Stonehenge is known worldwide, but it isn’t the only Neolithic monument to have survived in some form or another to the present day. Nearby Durrington Walls is one of the largest Neolithic monument sites ever found, but it’s nowhere near as well known. That might change though, thanks to a recent study.
The Stonehenge Hidden Landscapes Project uses non-invasive techniques, like ground-penetrating radar, to locate ancient objects without having to excavate, which is time consuming and can permanently damage sites. At Durrington Walls, a huge circular site roughly 500 meters in diameter (about 1,500 feet) and 1.5 kilometers in circumference (nearly a mile), they made some interesting new discoveries.
Durrington Walls was once one of the largest Neolithic settlements in Europe and home to Woodhenge, a monument structure similar to Stonehenge but made–you guessed it–out of wood. The two are thought to be related structures, and Durrington Walls were built about a century after Stonehenge. It seems that the structures buried underneath Durrington Walls are at least as old as Stonehenge itself.
Those structures are standing stones, or at least some of them are, while others have fallen or been pushed over, and still others are only represented by the pits that once held them. Some were as tall as 4.5 meters (about 13.5 feet). These new discoveries point to a much more complicated monument-building culture than previously assumed. Until recently, the builders of Stonehenge and other such monuments have been a mystery, but recent research has told us a lot more about them.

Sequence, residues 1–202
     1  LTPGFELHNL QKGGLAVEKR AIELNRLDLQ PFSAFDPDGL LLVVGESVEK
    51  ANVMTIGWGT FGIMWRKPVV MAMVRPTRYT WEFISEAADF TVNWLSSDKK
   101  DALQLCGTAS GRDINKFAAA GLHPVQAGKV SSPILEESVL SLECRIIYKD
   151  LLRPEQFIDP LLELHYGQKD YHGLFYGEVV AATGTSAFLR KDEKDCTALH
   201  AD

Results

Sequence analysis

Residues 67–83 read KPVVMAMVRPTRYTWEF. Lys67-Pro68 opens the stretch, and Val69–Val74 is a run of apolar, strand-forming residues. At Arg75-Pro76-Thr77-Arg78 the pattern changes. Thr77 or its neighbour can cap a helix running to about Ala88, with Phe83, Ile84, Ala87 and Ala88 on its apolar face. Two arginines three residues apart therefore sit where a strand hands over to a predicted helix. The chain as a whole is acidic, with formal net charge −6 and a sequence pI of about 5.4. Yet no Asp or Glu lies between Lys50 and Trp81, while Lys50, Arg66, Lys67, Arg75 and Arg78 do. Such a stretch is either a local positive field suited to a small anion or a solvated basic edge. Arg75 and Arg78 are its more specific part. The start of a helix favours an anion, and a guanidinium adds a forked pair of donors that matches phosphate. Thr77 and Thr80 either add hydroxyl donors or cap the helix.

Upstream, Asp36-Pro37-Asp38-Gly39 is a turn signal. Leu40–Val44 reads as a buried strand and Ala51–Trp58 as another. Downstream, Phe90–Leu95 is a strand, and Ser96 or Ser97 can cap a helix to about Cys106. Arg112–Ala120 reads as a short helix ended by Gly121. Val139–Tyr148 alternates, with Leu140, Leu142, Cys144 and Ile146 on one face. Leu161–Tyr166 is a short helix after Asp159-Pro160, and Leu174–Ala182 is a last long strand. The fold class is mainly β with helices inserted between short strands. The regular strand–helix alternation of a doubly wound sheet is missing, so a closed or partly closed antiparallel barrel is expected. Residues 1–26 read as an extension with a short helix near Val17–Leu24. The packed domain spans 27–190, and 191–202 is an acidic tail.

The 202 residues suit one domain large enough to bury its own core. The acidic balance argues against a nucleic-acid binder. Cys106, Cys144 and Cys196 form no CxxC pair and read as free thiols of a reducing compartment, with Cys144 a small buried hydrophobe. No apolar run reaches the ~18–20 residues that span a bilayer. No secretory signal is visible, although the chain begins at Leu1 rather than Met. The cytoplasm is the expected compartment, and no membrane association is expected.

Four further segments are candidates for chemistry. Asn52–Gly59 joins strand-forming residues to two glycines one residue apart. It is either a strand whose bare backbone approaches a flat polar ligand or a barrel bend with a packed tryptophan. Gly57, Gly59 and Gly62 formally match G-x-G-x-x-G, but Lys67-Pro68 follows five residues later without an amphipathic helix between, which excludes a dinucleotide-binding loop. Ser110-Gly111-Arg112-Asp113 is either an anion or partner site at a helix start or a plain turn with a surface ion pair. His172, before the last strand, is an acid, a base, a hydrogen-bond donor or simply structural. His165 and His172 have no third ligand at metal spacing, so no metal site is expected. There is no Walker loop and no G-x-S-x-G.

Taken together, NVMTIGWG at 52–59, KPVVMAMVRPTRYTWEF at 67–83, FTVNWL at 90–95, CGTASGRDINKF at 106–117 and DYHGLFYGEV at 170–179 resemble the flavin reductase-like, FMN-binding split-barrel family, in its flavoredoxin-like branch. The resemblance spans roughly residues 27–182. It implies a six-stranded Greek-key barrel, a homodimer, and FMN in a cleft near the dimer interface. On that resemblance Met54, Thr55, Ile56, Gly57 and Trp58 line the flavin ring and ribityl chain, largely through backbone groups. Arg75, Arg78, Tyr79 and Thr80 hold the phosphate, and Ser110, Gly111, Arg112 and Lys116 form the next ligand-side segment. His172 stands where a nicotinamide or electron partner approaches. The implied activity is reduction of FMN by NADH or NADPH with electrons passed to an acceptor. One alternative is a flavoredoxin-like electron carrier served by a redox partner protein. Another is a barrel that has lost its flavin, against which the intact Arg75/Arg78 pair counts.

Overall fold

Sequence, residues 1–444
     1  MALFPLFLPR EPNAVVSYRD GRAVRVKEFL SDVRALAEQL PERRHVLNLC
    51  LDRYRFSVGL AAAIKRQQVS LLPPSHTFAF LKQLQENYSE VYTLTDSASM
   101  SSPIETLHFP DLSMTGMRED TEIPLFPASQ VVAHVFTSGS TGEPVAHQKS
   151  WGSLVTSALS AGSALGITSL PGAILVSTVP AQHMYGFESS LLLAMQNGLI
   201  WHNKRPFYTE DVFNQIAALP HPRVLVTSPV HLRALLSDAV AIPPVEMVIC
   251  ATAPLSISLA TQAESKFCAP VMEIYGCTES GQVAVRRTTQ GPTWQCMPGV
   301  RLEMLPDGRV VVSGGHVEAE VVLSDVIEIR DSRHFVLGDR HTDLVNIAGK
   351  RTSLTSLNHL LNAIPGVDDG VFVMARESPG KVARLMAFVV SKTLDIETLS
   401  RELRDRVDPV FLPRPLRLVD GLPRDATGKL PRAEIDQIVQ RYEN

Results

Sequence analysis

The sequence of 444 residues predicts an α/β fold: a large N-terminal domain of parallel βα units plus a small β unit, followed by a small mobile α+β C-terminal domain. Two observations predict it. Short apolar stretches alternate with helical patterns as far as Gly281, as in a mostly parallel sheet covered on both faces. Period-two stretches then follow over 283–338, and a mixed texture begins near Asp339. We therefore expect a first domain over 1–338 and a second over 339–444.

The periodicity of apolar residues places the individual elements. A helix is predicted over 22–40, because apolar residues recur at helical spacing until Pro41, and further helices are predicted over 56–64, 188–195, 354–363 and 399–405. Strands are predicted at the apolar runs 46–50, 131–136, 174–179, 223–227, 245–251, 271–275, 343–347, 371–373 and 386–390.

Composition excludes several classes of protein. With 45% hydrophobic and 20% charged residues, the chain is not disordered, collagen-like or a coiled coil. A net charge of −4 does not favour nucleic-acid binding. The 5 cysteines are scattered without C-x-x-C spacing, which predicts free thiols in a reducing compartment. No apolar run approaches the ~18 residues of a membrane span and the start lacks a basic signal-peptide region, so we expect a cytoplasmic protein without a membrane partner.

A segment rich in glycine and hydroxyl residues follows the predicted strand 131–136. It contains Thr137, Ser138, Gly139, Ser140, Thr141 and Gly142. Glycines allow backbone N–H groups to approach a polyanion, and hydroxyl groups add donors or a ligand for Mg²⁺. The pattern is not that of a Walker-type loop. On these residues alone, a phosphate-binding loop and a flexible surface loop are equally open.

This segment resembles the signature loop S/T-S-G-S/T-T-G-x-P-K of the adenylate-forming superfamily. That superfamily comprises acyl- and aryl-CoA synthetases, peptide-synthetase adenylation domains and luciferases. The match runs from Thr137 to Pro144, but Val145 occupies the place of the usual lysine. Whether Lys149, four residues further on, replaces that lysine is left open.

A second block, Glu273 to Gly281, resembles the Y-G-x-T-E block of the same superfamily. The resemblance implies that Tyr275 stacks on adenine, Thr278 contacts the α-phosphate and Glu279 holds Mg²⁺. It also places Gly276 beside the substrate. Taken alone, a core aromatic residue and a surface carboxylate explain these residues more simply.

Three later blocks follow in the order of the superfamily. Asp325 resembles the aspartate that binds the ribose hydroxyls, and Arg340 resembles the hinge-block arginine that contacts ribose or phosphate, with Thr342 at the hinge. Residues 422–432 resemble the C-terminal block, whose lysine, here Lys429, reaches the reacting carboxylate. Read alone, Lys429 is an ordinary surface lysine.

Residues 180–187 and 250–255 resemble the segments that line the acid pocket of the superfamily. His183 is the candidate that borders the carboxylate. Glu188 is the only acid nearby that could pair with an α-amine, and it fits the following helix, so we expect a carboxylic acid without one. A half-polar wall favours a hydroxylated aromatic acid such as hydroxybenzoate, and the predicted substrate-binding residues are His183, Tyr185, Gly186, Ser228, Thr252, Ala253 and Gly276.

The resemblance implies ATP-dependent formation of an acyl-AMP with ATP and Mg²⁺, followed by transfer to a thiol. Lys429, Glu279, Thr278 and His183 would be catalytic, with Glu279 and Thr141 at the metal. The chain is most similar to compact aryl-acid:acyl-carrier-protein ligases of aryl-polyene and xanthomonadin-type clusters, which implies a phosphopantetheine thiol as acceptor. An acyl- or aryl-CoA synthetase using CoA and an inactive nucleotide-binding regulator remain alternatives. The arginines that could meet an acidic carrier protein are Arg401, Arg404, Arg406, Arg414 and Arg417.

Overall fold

These new discoveries are exciting for several reasons. Obviously they tell us more about the area around Stonehenge, which will allow us to fill in more of the puzzle of who these Neolithic people were. But it also sets a new precedent for archeology and proves that we can explore the ancient world without having to excavate. At least, not without a good idea of what we’ll find.